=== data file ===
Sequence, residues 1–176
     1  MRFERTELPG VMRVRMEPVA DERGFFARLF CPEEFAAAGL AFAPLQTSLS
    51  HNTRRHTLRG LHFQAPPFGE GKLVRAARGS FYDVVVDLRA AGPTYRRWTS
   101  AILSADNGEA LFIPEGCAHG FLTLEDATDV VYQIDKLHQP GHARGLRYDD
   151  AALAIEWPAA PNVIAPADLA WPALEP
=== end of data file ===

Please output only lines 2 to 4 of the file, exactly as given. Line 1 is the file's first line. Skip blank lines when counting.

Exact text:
     1  MRFERTELPG VMRVRMEPVA DERGFFARLF CPEEFAAAGL AFAPLQTSLS
    51  HNTRRHTLRG LHFQAPPFGE GKLVRAARGS FYDVVVDLRA AGPTYRRWTS
   101  AILSADNGEA LFIPEGCAHG FLTLEDATDV VYQIDKLHQP GHARGLRYDD